NEW YORK — After one set, Andy Murray slammed his racket into the court, then mangled it once he reached his chair on the sideline. After the second, he gestured over to his coach, Ivan Lendl, and let out a frustrated scream.
Stanislas Wawrinka had the US Open defending champion in knots all day, and when the surprisingly short, less-than-competitive match was finished Thursday, Murray was a 6-4, 6-3, 6-2 upset loser in the quarterfinals at Flushing Meadows.
‘‘I would have liked to have played a little bit better,’’ Murray said after rushing off the court and into the interview room to explain the loss. ‘‘I’ve had a good run the last couple of years. It’s a shame I had to play a bad match today.’’
Ninth-seeded Wawrinka made his first Grand Slam semifinal, earning a spot in the final four for Switzerland that for so long felt like Roger Federer’s birthright.
‘‘It feels amazing for sure, especially here,’’ said Wawrinka, who didn’t face a break point over his 14 service games. ‘‘Especially after that match. He’s the defending champion. He’s a tough opponent.’’
Wawrinka will play No. 1 Novak Djokovic. Djokovic quickly overcame a one-set lull to reach the semifinals for the seventh consecutive year, beating 21st-seeded Mikhail Youzhny of Russia, 6-3, 6-2, 3-6, 6-0.
Djokovic, the 2011 champion at Flushing Meadows, won his first four matches of the tournament in straight sets. But he faltered in the third set of his quarterfinal against Youzhny , making 16 unforced errors and getting broken twice. Djokovic will be trying to reach his fifth US Open final. In addition to his title, he was the runner-up in New York in 2007, 2010 and 2012.
It’s also the 14th consecutive Grand Slam tournament where Djokovic is in the semifinals, a 3½-year streak.
The other semifinal is No. 2 Rafael Nadal against No. 8 Richard Gasquet.
Djokovic is 12-2 against Wawrinka.
This was Murray’s earliest exit from the US Open since 2010, when Wawrinka also did the honors — that year in the third round.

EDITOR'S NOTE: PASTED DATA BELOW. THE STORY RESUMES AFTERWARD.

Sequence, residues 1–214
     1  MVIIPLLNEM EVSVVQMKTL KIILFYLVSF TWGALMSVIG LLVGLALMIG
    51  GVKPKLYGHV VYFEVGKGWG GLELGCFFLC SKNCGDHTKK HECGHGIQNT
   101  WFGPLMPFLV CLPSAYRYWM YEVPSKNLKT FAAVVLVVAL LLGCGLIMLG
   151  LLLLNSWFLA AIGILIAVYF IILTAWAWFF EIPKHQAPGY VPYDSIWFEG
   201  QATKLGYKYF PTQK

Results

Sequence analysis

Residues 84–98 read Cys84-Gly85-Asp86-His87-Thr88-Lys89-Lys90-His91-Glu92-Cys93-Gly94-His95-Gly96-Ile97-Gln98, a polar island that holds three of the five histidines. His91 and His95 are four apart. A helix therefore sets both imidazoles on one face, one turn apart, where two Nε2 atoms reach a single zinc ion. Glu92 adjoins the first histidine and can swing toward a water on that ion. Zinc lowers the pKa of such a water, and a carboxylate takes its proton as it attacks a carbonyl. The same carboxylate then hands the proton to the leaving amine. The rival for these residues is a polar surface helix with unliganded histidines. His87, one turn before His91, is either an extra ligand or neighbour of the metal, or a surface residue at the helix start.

Murray conceded it’s been a long road since he broke into the top, first at the Olympics on home turf last year, then with the two major titles.
‘‘When you work hard at something for a lot of years, it’s going to take time to fire yourself up and get to training 110 percent,’’ Murray said about his preparation for the year’s final Grand Slam. ‘‘That’s something kind of natural after what happened at Wimbledon.’’
An amazing letdown, especially considering the numbers he has been putting up of late.
He had appeared in the finals of the previous four major tournaments he entered (he missed this year’s French Open because of a back injury).
He had won 30 of his last 32 Grand Slam matches.
He had been 7-0 on hard courts in major quarterfinals.
This marked his first straight-set loss in a major since the semifinals of the 2011 French Open, when the opponent was Rafael Nadal.
‘‘If I'm meant to win every Grand Slam I play or be in the final, it’s just very, very difficult just now,’’ Murray said. ‘‘With the guys around us, it’s very challenging.’’
Wawrinka is certainly one of those guys now.
He played near-flawless tennis, especially considering the windy conditions that had the ball warbling all over the place. Wawrinka had 45 winners to 15 for Murray.
His serve averaged 119 miles per hour — 9 miles per hour faster than Murray — and he won 37 of 42 points in which he got his first serve into play.
Wawrinka also charged the net, not allowing Murray to get comfortable while trying to figure out the windy conditions on the baseline. Wawrinka won the point on 31 of 42 trips to the net, including 10 for 10 in the third set.
‘‘I thought there was a few long points, but I didn’t get into enough return games, which is disappointing for me,’’ Murray said. ‘‘That’s normally something I do pretty well. I always give myself opportunities to break serve, and I didn’t today.’’
Murray is under constant scrutiny back home in Britain, where his quest to break through in a Grand Slam, then to break that country’s 77-year drought for a men’s champion at the All England Club, became an almost all-consuming topic at times in the London tabloids.
But before this US Open began, Murray seemed amazed by how many off-court commitments a defending champion needs to deal with at Grand Slam time.
Still sweating as he sat behind the microphone not 15 minutes after the loss, Murray was trying to look at the bigger picture.
‘‘Look, I can’t complain,’’ Murray said. ‘‘If someone told me before the US Open last year that I would have been here as defending champion having won Wimbledon and Olympic gold, I would have taken that 100 percent.’’
For about a decade, men named Federer, Nadal, Djokovic, and Murray have dominated the latter stages of major tournaments. That quartet won 33 of the past 34 Grand Slam titles, but two are gone from the field already.